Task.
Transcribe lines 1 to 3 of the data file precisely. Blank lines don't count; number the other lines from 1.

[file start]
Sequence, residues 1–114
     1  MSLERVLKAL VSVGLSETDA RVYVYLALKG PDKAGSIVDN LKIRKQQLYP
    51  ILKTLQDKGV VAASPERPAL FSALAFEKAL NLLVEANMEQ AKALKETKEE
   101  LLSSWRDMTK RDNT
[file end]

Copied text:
Sequence, residues 1–114
     1  MSLERVLKAL VSVGLSETDA RVYVYLALKG PDKAGSIVDN LKIRKQQLYP
    51  ILKTLQDKGV VAASPERPAL FSALAFEKAL NLLVEANMEQ AKALKETKEE